Ethiopia (2014)

Degree of reliance on imported energy: 

The vast majority of the Ethiopian population (83.2% as of 2010) lives in rural areas, where modern energy services are rarely available. Thus, although 85.2% of the urban population had access to electricity as of 2011, only 4.8% of the rural population did.

Main sources of Energy: 

Currently, Ethiopia has around 2,000 MW of installed power generating capacity, out of which 1,980 MW (99%) is generated from hydropower plants. The remaining 12 MW (0.6%) and 8 MW (0.4%) comes from thermal and geothermal sources respectively. According to the five year Growth and Transformation Plan (GTP), the country’s installed electricity generating capacity is expected to reach 10,000 MW by the end of 2014/15 from the current level of 2,000 MW. In the same year, the electricity coverage of the country will be 75%.

Ethiopia has a considerable renewable energy endowment, with an abundant hydropower potential, solar and geothermal, as well fossil fuels. Hydropower constitutes almost 92.5% of the total energy mix and thermal energy comprise of 7%. Despite the huge potential to exploit renewables; historically only a very small portion has been developed owing to lack of financial resources amongst other factors.

Even in urban areas, half the households rely on traditional biomass (wood, dung and agricultural residues) for cooking, and in rural areas, virtually all do (except for 0.2% who use kerosene, and 1.2% charcoal). While many nations in sub-Saharan Africa face similar challenges, Ethiopia ranks particularly low in terms of energy progress, 62nd out of 64 per the IEA’s 2011 Energy Development Index, with an EDI of 0.017. Ethiopia has made big strides in recent years, with 48.3% of towns and villages connected to the grid as of July 2012, according to the Ethiopia Electric Power Corporation.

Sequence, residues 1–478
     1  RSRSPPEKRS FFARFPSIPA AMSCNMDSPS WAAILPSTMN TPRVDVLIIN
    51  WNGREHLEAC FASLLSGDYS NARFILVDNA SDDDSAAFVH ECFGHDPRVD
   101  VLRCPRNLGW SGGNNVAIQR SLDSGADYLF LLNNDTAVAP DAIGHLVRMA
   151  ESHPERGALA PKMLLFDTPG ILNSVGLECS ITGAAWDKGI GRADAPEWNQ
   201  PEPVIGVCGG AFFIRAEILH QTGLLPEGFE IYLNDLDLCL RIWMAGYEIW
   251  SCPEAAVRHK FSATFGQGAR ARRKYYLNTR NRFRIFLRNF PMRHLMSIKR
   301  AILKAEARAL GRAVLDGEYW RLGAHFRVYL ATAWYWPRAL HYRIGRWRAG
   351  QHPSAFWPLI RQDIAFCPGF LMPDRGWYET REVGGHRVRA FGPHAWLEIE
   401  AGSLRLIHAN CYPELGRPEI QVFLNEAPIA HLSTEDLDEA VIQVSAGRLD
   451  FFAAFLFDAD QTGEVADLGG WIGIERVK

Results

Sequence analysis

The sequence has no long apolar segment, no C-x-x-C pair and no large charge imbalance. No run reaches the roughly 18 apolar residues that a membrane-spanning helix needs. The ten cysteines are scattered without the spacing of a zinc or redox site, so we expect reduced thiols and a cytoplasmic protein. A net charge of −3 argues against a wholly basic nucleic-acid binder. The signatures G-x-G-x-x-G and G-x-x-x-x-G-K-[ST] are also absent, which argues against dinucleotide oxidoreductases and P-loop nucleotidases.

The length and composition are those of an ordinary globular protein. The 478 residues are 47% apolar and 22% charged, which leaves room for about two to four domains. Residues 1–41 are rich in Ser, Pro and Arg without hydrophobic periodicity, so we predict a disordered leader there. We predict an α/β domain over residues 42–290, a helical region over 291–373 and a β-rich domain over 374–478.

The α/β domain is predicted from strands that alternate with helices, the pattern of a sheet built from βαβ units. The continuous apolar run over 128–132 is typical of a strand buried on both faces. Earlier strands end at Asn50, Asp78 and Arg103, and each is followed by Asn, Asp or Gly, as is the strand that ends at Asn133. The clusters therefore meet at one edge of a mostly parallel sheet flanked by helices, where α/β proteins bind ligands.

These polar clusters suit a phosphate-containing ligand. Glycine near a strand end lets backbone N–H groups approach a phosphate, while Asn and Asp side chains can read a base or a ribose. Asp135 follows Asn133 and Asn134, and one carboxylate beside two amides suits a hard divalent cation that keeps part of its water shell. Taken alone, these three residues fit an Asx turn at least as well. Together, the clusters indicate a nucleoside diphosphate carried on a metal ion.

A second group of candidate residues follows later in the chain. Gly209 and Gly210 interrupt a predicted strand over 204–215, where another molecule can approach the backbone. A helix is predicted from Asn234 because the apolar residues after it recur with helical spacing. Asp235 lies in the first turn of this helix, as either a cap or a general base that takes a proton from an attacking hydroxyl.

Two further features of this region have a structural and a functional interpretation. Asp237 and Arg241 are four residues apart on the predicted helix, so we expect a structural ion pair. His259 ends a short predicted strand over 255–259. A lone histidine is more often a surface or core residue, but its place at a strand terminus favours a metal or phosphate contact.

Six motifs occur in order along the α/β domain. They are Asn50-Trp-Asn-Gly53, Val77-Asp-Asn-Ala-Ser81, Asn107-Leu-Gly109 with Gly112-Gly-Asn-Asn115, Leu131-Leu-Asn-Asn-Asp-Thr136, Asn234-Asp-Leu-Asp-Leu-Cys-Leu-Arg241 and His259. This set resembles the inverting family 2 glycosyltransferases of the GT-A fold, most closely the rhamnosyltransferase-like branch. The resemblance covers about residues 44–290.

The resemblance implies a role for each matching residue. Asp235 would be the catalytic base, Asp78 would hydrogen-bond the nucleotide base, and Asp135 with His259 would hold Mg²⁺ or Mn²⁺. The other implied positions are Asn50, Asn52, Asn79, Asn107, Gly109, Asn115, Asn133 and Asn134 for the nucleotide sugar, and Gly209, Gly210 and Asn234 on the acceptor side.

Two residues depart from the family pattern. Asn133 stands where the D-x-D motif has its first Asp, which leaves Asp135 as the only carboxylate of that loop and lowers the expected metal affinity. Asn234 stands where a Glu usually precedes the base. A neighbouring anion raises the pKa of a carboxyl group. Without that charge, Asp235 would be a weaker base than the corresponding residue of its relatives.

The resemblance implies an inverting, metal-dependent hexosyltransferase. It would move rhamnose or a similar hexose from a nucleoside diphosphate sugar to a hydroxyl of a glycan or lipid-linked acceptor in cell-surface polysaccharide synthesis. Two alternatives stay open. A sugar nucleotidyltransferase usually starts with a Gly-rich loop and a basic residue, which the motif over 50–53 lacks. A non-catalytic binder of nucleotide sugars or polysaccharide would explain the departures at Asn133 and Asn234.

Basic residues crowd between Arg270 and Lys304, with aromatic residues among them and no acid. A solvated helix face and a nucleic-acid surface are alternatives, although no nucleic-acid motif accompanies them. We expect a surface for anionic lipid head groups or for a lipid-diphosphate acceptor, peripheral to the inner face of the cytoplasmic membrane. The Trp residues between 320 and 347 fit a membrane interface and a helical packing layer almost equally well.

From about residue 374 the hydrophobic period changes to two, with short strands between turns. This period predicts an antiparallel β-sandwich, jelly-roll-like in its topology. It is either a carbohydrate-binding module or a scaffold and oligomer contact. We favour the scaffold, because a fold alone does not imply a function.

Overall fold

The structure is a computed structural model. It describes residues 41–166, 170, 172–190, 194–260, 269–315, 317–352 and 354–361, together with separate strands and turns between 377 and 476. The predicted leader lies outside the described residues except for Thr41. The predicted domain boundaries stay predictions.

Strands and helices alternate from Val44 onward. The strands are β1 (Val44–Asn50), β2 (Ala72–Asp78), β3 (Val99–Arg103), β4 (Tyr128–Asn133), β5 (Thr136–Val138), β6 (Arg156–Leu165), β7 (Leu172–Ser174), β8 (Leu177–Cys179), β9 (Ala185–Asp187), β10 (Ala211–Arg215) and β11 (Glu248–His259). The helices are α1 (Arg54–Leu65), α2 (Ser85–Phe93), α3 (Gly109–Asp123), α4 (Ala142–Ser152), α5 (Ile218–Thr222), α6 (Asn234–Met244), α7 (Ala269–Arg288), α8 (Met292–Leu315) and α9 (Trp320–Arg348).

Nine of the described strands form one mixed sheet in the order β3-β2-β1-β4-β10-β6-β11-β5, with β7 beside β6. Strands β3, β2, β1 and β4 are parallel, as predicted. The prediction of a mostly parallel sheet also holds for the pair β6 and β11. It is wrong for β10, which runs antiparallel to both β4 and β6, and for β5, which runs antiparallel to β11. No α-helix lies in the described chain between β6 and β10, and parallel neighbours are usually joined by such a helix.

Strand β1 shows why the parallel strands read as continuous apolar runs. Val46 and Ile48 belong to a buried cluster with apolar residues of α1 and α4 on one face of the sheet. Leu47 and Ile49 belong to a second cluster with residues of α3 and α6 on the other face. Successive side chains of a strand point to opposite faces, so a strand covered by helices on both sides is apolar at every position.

Concerning electricity generation, renewable energy in Ethiopia has focused on large hydropower. However, much of the small hydro-power, solar and wind potential in Ethiopia is yet to be developed. The present energy mix greatly increases vulnerability to climate change and the poorest segment of the population is the most vulnerable. For example, reliance on fuel Wood and charcoal brings widespread land degradation, exposing bare soil to erosive rainfall and gulley erosion. The power generation sector only accounts for very low GHG emissions (less than 3% of total GHG emissions) as large hydropower accounts for over 90% of total power generation capacity in Ethiopia.

Power generation improved by around 230% between 2008 and 2012, with six hydroelectric and wind power projects coming online: Tekeze (2009, hydroelectric, 300 MW), Gibe II (2010, hydroelectric, 420 MW), Tana Beles (2010, hydroelectric, 460 MW), Amerti Nesha (2011, hydroelectric, 97 MW), Ashegoda (2012, wind, 30 MW), and Adama I (2012, wind, 51 MW). Additionally, four more projects (Gibe III, Ashegoda expansion, Adama II, and the Grand Ethiopian Renaissance Dam) are under construction. Their combined output would be nearly 8,150 MW. However, an inadequate power transmission system means that Ethiopia’s increased energy supply is not yet being utilized efficiently.